About Hyperthyroidism

What Causes Hyperthyroidism?

Polly: In Ralph Golan’s book, Optimal Wellness, he mentions mercury toxicity, food allergies, and abnormalities in the hypothalamus and pituitary glands as being possible factors in hyperthyroidism. Janet Starr Hull in her book, Sweet Poison: How the World’s Most Popular Artificial Sweetener Is Killing Us—My Story, attributes her hyperthyroidism to the sweetener aspartame, found in NutraSweet.

In the book Mineral and Trace Element Analysis by Eleonore Blaurock-Bush, PhD, she mentions that the zinc to copper ratio is very important. [2] Low copper can aggravate hypo and hyper thyroidism. I saw a posting on the Internet where a person had hyperthyroidism, and he was able to control it with copper, trace minerals, calcium and magnesium. There is speculation that the reason low copper can lead to hyperthyroidism is that copper is needed to form MAO (monoamine oxidase). MAO is an enzyme that breaks down serotonin, thyroid, tyramine and catecholamine hormones. Mineral balance is definitely something to have your doctor check if you are having thyroid problems, especially check zinc and copper. See this article, //www.ithyroid.com/tyramines.htm. Also, there are some herbs that some people find helpful. See this article by Ryan Drum, PhD, on thyroid. //www.planetherbs.com/articles/thyroid.html. Amoung other herbs he mentions Melissa officinalis (lemon balm), Lycopus virginiana (bugleweed) and Leonurus cardiaca (motherwort) as having apparent thyrosuppressive effects.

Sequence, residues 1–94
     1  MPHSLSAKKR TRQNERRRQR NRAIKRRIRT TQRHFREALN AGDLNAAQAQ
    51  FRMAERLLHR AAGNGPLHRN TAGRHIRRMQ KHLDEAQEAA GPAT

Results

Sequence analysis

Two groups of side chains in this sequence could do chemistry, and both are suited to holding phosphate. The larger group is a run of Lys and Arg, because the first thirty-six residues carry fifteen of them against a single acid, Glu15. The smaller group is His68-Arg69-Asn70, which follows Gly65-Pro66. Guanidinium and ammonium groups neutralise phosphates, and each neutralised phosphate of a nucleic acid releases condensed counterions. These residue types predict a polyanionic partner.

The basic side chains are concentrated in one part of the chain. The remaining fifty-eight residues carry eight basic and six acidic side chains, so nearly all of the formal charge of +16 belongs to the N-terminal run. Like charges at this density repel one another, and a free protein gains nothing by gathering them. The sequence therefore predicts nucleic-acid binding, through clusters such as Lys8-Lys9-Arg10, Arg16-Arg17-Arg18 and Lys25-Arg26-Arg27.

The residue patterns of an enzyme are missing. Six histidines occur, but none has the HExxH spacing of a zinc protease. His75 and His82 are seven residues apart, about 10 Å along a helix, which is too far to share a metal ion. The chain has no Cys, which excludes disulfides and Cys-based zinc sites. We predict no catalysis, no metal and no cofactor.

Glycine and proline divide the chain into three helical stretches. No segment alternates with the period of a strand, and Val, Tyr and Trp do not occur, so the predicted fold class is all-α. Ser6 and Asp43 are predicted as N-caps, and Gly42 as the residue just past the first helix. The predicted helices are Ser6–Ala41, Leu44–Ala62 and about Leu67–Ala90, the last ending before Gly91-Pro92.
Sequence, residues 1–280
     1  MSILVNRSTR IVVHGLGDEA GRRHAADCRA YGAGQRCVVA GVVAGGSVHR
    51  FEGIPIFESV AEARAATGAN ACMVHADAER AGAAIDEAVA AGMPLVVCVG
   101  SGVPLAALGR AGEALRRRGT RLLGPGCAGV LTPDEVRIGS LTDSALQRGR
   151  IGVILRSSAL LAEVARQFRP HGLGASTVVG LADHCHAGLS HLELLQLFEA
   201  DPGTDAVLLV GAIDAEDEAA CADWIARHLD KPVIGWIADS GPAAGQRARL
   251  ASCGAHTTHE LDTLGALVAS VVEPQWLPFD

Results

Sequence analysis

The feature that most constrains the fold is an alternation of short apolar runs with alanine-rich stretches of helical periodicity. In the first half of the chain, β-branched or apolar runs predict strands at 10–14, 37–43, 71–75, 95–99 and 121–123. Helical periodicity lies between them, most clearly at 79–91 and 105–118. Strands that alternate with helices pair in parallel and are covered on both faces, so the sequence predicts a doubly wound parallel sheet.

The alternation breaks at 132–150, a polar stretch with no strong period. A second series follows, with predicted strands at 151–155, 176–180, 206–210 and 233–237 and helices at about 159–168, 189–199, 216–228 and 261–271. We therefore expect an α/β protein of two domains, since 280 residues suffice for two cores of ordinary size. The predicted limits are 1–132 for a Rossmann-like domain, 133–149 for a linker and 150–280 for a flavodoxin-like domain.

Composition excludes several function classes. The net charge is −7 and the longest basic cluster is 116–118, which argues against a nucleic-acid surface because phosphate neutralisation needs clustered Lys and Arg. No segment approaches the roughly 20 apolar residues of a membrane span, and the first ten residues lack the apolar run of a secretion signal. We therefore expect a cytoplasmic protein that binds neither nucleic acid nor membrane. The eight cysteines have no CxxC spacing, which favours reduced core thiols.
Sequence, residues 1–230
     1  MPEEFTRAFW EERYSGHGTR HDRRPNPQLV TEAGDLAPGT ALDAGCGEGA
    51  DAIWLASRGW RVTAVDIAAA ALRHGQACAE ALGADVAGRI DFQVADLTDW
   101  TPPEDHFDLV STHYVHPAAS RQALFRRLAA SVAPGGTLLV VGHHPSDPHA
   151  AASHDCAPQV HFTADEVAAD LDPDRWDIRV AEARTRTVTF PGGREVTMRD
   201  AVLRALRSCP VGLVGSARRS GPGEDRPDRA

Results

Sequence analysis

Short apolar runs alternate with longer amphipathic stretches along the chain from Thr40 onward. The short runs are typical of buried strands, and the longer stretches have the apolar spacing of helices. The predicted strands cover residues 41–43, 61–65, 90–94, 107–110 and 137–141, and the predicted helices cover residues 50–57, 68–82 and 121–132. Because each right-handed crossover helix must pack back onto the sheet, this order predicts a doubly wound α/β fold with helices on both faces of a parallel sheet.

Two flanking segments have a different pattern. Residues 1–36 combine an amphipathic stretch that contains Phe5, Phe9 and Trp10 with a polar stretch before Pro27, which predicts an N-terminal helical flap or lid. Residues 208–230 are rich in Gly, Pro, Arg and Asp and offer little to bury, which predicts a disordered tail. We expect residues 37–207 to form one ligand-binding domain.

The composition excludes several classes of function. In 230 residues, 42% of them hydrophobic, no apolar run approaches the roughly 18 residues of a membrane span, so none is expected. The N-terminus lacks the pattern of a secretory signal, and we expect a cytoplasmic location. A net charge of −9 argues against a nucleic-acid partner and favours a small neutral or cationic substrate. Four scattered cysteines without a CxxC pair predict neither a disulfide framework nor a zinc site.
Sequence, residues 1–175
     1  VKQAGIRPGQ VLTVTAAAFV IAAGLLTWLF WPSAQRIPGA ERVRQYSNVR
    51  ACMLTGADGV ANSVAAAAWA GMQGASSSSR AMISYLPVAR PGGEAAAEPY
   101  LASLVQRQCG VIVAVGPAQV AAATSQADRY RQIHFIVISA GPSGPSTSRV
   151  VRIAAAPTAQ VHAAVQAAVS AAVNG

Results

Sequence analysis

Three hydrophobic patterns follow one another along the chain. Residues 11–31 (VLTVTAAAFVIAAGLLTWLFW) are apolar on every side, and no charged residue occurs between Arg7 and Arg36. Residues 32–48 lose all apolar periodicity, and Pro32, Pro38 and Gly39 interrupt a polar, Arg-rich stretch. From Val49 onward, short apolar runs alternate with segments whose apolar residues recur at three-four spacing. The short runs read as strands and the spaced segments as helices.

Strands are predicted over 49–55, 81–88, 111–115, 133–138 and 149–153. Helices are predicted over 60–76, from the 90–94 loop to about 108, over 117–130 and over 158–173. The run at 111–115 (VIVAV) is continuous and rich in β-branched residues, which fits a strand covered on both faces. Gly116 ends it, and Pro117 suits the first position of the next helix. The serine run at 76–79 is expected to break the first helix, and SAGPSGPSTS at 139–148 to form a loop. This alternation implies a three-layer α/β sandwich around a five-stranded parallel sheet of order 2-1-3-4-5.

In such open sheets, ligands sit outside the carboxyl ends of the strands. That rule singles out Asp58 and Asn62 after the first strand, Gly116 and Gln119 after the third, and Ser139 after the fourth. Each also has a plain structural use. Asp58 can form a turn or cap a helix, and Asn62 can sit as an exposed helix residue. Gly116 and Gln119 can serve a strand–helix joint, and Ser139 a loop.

There might also be a connection between a harmful intestinal bacteria, Yersinia enterocolitica, and hyperthyroidism. In the book Probiotics, Nature’s Internal Healers by Natasha Trenev, she states,

“This bacteria has the ability to provoke the production of certain substances that attach themselves to cells in the thyroid, resulting in the overproduction of thyroid hormone… more than 80% of those with Grave’s disease carry antibodies produced by the immune system to destroy Yersinia.”

I’ve also heard rumors that Yersinia is associated with some cases of hypothyroidism. (Teresa Binstock, an autism researcher, has gathered abstracts on Yersinia, and they can be found at //www.jorsm.com/~binstock/yersin-2.htm.)

Susan: Yersinia is the name of a genus of bacteria, of which Yersinia pestis (bubonic plague) is the most well known. In addition, there are several other species of Yersinia that can and do infect humans. One of the troubling aspects of Yersinia infections is that the immune response to them is severely impaired. Apparently one of the ways that Yersinia does this is to “hid” in macrophages (a type of white cell which, in the Hormones, Dysbiosis and Candidiasis The Health Forum—Book 4 18 blood stream, is called a monocyte) and then to suppress thyroid function, interact with the normal inflammatory response to cause it not to work correctly, alter the ability of the blood/brain barrier (which keeps out of the brain lots and lots of stuff) allowing foreign material, bacteria, etc. to get in there, and when the Yersinia infected cells are found in the gut, can contribute to malabsorption of gluten (breads) and to cause colitis.